Does your dog snarl or snap at you or other people and animals?
Does an innocent game with your furry friend suddenly turn violent?
If your dog displays some of these unmistakable signs of aggression, you may be wondering whether CBD can help.
Well, it can.
Read on to learn more.
Table of Contents
Canine Aggression: A Serious Behavioral Problem
Any dog can become aggressive.
If you notice your dog snarling, growling, baring their teeth, or nipping at you or other people and animals, you might have a serious behavioral problem on your hand.
Dog aggression can lead to violent and possibly dangerous situations really quickly:
Something as simple as greeting other dogs or playing may quickly turn into a seriously violent situation within seconds.
Hence, it’s really important to ensure you catch any aggressive behavior quickly, and immediately start getting to the bottom of it.
To do so, you’ll first need to figure out what exactly is causing your dog to become aggressive.
Doing so can be hard, but most dogs with aggression will act out in response to something in particular.
It’s common, for example, for normally passive and friendly dogs to act aggressively towards children.
Other dogs might become aggressive around strangers, including both animals and humans.
Some other common forms of canine aggression include:
- Pain-Related Aggression: Some dogs become aggressive when they’re in physical pain.
- Fear: Dogs may act aggressively when they are frightened or feel threatened.
- Protection: Some dogs can be very protective of their family and home and may become aggressive towards people or animals they deem as potentially threatening to them.
- Territory: Some dogs may protect particular spaces. This can include their home, yard, or even their bed.
- Social Aggression: Dogs can become aggressive in social situations with other dogs. This is a common problem for dogs that haven’t been socialized properly with other animals and people.
- Sex: Male dogs may become aggressive when competing for the attention of a female.
- Predatory Behavior: Some dogs have been specifically bred to hunt wildlife. These instincts may turn on when playing with other animals or humans, causing the dog to hunt their companions during play.
- Frustration: Dogs can obviously become aggressive when frustrated.
Note that some medical conditions can also cause behavioral problems like aggression and agitation.
If your dog has suddenly started acting aggressively, this may be due to an underlying medical condition.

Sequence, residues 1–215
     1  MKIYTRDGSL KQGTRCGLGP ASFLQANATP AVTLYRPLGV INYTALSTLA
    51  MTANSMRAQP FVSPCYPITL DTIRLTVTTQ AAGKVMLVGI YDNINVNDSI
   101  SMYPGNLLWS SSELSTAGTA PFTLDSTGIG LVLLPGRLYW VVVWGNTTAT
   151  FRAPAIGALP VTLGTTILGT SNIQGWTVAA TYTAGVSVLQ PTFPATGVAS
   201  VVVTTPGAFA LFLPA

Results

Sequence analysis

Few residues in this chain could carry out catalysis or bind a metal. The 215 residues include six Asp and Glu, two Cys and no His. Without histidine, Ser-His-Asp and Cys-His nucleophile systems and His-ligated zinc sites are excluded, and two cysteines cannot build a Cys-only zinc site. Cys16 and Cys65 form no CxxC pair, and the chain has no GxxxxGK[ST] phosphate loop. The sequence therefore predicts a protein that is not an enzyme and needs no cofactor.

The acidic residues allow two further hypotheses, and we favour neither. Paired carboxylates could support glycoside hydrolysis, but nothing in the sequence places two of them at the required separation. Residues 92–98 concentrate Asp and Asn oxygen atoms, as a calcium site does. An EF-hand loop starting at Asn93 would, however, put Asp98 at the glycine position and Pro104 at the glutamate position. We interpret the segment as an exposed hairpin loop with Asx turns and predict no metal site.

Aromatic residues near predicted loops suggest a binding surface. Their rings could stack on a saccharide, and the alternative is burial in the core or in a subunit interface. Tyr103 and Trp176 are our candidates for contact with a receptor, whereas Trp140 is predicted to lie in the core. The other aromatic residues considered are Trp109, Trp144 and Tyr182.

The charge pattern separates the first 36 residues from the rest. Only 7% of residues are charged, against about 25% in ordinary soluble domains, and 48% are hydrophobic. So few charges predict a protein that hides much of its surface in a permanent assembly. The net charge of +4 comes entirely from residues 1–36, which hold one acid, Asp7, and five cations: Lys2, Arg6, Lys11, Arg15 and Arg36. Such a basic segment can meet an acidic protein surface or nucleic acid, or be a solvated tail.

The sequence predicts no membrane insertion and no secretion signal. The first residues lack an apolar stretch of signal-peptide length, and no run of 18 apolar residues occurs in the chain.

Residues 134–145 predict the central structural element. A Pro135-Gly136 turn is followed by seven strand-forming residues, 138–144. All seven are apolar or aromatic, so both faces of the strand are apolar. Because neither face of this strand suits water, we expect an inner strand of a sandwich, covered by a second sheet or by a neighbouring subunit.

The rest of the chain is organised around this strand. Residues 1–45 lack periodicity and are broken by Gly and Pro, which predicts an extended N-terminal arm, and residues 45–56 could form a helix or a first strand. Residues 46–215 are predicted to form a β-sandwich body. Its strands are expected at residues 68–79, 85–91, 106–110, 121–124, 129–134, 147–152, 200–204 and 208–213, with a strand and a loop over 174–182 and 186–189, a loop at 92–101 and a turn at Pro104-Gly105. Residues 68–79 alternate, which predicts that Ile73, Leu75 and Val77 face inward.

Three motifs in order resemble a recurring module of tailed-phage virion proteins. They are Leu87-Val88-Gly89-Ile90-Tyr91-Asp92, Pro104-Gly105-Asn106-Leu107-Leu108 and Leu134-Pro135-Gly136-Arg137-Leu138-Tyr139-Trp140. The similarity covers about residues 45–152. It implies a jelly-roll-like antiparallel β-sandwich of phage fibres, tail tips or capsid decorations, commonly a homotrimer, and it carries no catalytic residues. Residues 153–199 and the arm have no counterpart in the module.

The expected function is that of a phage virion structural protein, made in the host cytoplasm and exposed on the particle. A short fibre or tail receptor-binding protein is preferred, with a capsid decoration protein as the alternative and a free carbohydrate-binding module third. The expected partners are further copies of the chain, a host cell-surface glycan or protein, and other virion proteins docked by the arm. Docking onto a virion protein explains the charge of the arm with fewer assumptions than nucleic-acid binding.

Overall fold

Some conditions that may cause aggression include neurological conditions, hypothyroidism, epilepsy, brain tumors, and encephalitis.
Always talk to your vet to rule out any medical condition that could be causing your dog’s aggression.
Treating Canine Aggression Requires Patience and Training
Once you’ve identified what’s causing your dog’s aggressive behavior, you’ll need to talk to your vet about creating a plan to address the issue.
If the underlying cause is a medical problem like those I just mentioned, you and your vet will want to treat this condition while simultaneously minimizing its effects on your dog’s behavior.
If, on the other hand, the aggression is purely a behavioral problem, you’ll usually want to work with a professional dog trainer or behaviorist.
Remember, aggression is a really serious problem that can have some pretty drastic consequences.
You might not be able to fix it on your own.
A professional dog trainer will help you work with your pet to change their behavior gradually.
One of the most common techniques that dog trainers use is positive reinforcement.
This involves using treats and praise to reinforce positive behavior, such as not acting aggressively in situations that would typically make your dog aggressive.
If your dog tends to act aggressive towards other animals, for example, a trainer might slowly get them to socialize with other dogs at a distance.
They’ll then use treats and praise to reinforce your pet’s positive behavior.
Eventually, your dog should learn that being civil around other dogs gets them a treat.
It’s important to note that you shouldn’t punish your dog for acting aggressively.
Your trainer may scold your dog when they act out, but you should never hit or yell at your pet for acting aggressively as this may only make matters worse.
Remember that addressing this type of behavior is a big task that takes plenty of time, dedication, and patience.
Behaviors can be hard to change, but with professional help and a solid action plan, you should be able to help your dog overcome their aggressive behavior in due time.
Should You Use Medications to Treat Your Dog’s Aggression?
Sometimes training just isn’t enough to change a dog’s behavior.
If your dog doesn’t respond to training, you may need to combine their therapy with medications and supplements.